Weisswurst is the best sausage you’re not grilling

Illustration for article titled Weisswurst is the best sausage you’re not grilling
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My family grilled hot dogs and bratwurst growing up, but it was the weisswurst I most looked forward to. Literally “white sausage,” weisswurst are made from veal and pork, finely ground to a smooth, creamy texture. They’re remarkably mild but not unflavorful, as many butcher shops’ versions are seasoned with lemon, parsley, and spices including cardamom and mace. Some German restaurants serve them boiled—still delicious—but I prefer mine grilled so a slight char provides contrast to the silky filling.

Weisswurst can seem more refined than brats; they have a mousselike texture and more subtle flavors. They’re sometimes billed as a sausage to serve kids, because of their mildness, but I think adults can equally appreciate their rich veal luxury. I keep the condiments streamlined so as not to overwhelm the meat itself—a stripe of good mustard, maybe a spoon of grilled onions. Like my beloved liverwurst, weisswurst might not be much to look at—that gray color is admittedly not super inviting—but don’t knock(wurst) it until you’ve tried it. To my mind, weisswurst combine the best of high and low brow: veal, but in hot-dog format.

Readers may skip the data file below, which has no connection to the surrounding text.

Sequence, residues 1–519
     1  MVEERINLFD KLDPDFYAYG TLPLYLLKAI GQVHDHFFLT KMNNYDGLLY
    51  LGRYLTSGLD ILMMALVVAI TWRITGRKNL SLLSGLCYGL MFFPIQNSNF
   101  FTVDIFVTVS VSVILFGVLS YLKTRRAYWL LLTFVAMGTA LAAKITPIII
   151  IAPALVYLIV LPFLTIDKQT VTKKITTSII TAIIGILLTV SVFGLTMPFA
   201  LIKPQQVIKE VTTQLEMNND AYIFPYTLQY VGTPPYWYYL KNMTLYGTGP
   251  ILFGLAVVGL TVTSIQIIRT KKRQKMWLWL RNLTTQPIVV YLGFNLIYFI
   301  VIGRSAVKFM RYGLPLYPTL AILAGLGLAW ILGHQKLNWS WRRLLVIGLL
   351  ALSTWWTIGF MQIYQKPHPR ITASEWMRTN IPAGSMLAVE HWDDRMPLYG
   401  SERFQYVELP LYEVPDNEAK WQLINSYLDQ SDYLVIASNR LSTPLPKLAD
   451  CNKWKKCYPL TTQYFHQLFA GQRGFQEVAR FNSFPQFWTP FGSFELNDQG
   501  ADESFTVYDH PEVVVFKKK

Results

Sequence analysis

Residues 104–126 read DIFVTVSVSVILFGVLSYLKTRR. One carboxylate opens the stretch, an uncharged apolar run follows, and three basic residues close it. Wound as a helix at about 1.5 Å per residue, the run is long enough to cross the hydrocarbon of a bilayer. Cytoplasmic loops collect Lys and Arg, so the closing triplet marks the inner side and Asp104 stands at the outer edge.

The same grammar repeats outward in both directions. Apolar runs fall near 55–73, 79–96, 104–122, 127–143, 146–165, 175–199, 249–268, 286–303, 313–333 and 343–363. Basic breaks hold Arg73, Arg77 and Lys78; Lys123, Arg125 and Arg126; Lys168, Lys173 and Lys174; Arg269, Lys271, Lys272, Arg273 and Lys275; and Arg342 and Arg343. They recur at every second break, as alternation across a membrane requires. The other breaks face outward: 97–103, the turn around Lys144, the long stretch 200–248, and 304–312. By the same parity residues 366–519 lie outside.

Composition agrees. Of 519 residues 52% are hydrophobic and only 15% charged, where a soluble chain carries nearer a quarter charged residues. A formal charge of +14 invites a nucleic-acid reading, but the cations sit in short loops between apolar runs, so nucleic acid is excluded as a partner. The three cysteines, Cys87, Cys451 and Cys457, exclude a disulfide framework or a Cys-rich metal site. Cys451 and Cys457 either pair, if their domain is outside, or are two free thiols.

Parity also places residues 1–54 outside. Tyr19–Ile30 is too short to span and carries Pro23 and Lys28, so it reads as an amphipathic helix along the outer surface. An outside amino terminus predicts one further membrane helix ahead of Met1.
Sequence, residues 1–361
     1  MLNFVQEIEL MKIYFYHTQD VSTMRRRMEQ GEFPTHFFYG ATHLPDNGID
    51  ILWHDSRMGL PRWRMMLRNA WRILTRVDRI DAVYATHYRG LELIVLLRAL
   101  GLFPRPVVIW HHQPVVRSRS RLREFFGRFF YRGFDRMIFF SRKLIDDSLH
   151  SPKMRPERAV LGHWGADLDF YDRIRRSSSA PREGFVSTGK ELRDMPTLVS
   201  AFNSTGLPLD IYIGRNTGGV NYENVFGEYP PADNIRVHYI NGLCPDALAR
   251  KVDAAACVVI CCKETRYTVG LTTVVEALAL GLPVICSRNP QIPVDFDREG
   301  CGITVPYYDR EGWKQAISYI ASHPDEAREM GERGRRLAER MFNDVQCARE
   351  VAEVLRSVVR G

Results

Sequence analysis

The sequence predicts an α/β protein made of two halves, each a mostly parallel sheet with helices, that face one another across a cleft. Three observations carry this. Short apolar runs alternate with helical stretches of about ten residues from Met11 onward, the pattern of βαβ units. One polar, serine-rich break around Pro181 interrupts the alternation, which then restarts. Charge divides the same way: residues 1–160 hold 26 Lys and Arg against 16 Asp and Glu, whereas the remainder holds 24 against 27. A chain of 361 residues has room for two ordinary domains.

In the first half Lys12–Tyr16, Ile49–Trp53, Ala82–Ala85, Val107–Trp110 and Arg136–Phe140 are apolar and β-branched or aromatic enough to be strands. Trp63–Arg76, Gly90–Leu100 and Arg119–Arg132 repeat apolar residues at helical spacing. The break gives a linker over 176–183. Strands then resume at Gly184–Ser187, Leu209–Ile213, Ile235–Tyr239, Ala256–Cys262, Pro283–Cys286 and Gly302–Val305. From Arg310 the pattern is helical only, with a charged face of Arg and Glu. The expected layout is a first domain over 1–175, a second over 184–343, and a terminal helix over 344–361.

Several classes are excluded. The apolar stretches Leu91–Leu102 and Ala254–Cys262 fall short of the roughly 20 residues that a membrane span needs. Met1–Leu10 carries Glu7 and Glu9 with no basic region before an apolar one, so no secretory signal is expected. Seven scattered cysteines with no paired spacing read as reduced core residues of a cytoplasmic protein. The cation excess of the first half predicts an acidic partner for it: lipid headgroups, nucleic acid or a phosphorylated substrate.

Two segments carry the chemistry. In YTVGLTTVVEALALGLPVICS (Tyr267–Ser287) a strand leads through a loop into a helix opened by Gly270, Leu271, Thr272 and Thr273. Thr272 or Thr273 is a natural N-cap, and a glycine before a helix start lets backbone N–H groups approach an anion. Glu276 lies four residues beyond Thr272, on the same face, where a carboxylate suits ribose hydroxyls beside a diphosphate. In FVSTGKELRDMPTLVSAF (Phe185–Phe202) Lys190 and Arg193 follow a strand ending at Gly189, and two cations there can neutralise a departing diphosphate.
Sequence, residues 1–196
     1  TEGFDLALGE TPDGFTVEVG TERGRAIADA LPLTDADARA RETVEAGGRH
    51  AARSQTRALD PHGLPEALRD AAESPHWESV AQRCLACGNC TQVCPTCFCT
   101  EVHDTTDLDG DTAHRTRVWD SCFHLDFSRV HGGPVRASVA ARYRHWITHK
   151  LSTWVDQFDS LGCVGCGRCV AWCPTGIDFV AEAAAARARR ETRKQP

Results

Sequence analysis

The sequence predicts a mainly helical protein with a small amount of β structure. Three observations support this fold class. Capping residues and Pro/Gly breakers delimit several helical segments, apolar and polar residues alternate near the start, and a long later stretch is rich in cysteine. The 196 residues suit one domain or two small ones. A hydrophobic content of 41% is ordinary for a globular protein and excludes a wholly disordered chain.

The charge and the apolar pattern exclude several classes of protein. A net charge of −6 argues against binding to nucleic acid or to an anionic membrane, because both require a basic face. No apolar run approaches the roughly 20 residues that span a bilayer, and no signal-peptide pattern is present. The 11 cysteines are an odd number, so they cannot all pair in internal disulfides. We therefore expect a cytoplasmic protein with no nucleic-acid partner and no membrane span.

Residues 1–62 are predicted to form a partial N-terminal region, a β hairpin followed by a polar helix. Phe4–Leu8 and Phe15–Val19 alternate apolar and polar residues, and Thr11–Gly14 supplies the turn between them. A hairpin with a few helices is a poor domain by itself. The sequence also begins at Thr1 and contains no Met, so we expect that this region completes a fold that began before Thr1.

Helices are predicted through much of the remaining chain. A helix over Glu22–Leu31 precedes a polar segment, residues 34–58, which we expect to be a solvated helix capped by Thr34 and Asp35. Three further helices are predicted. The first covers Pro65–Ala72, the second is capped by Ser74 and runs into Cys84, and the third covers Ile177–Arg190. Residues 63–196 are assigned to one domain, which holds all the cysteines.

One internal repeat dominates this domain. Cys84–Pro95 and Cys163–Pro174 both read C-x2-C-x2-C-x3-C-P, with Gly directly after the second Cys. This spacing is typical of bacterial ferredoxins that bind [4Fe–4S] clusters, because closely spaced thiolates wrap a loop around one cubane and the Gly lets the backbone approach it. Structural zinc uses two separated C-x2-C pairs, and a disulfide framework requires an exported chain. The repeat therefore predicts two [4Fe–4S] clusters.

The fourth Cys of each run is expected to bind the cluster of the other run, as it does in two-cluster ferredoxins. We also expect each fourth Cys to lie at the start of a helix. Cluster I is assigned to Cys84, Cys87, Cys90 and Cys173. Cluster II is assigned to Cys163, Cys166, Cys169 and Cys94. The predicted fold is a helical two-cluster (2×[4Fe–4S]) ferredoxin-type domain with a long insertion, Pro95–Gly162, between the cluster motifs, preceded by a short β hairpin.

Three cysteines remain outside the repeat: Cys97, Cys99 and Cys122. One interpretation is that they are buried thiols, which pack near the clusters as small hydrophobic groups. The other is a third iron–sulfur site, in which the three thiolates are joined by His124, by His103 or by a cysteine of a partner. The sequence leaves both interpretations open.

My family bought these from a German butcher shop in my hometown, which has tragically since closed. Now I get my fix at the German brewpub near me, but I still long for the backyard grilled version. Every time I’m at a butcher counter, my eyes scan the cases, hoping to see those familiar gray links.

Kate Bernot is a freelance writer and a certified beer judge. She was previously managing editor at The Takeout.

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Patrick Daniel

Some of the more traditional weisswurst I’ve had has a VERY thick, pretty much inedible casing. So people would cut a slice, dab mustard on it, and squeeze the soft, mousse-like meat into your mouth. A little labor intensive but delicious.